Realising potential of jack

In fact, even today, more than half of the jackfruits go waste without even harvesting. Though many love to have it in the beginning of the season, the villagers slowly develop a kind of aversion over a period of time, perhaps due to the large quantity of jackfruits produced in almost every backyard in rural areas.

In fact, many people leave the fruits on the tree itself, as the fruit does not fetch good price in rural areas (of course the middlemen make good money by selling it in cities!)
But not any more. Of late, many farmers have realised the potential of jackfruit (also known as Kalpavruksha) as every piece of jackfruit or tree has multi-uses. Be it the simple payasam or jackfruit curry or the value addition products like chips, papads or squash, the fruit can produce several products. At the same time, the tree remains for centuries and offers valuable timber when grown while the leaves too are of some use.

Speaking to City Herald, progressive farmer and rainwater harvesting expert Shree Padre said that about 75 per cent of jackfruits are wasted and Kerala alone accounts for about 35 crore jackfruits annually. “Assuming that one jackfruit costs only Rs 3 and the national average waste is only 50 per cent, India is losing Rs 214 crore worth of food every year,” he says and cites an example of Kerala, where farmers used to hang a board on their jackfruit tree saying: “Anybody can pluck jackfruit from this tree!”

Though a large number of jackfruits are grown in the region, very few attempts have been made to commercialise the same.

In a bid to popularise the jackfruit, Dr D C Chowta, a progressive farmer from Meeyapadavu, a small village on the northern most part of Kerala adjoining Karnataka, organised one such jackfruit fest to identify the best varieties in the vicinity and develop them. As many as 45 farmers took part in the contest and four judges te(a)sted the fruits to judge the quality of the variety they grow.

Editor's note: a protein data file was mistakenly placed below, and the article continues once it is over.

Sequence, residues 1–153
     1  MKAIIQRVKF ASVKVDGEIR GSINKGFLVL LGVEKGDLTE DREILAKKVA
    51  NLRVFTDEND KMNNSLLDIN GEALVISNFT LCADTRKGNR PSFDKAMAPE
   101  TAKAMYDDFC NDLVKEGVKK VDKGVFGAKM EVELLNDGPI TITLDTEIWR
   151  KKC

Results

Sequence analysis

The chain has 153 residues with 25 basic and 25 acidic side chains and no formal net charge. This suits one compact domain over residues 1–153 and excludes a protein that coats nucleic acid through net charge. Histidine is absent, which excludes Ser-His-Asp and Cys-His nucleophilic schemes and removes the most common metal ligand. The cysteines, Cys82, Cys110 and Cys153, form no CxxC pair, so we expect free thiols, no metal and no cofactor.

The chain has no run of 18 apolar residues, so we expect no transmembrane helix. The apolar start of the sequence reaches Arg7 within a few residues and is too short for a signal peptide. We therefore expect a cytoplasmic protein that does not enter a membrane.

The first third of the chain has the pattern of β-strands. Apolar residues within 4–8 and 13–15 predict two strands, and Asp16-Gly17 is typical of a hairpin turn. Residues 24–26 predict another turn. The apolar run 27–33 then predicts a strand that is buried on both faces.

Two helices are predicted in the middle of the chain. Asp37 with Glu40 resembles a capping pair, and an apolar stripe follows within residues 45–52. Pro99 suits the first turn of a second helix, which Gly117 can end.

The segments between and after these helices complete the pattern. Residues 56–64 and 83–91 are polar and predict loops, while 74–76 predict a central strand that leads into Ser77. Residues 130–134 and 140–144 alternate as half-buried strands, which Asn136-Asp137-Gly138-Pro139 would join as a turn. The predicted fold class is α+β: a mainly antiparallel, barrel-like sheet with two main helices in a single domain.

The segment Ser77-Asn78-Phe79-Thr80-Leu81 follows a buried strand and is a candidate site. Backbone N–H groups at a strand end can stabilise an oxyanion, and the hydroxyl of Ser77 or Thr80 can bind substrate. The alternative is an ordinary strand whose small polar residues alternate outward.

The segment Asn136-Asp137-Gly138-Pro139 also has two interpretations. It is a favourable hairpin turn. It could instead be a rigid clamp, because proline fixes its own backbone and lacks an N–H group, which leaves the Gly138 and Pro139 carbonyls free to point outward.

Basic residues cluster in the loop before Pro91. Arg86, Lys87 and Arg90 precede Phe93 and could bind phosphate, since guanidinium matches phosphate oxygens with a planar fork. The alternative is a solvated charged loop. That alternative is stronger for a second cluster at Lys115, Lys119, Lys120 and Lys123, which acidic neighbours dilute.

Jackfruits on display at the contest at Meeyapadav.Venkatakrishna Sharma, a farmer from Alike village in Dakshina Kannada district and one of the judges for the contest, said that he has already planted nearly 75 saplings of 23 varieties of jackfruit in an acre.

He said that the judgement of the variety is based on the taste, texture, crispness and hardness among other factors.

Subramanya Bhat, one of the participants said that he sold over one tonne of jackfruit last year and over two tonnes this year. On the other hand, Anil Kumar, who runs a nursery in Puttur said he is now getting more enquiries for grafted varieties of jackfruit.
Explaining the different uses of jackfruit, Shree Padre said that there is a need to plant different varieties of jack trees so that the grower gets the yield round the year (even in off season) unlike other seasonal fruits and attempts are being made towards the same.

“Before that, we have to shed our mental block or inferiority complex about this wonder fruit,” he rues.

In a lighter vein, Chowta said that there was a time when every household in village used to store jackfruit gum for use, but the Fevicol replaced jackfruit gum. “Hope a time comes when Fevicol will be replaced again by jackfruit gum.”

Perhaps its time for those who have been neglecting jackfruit to look at it in a different way. Hail jackfruit, the fruit of fruits!


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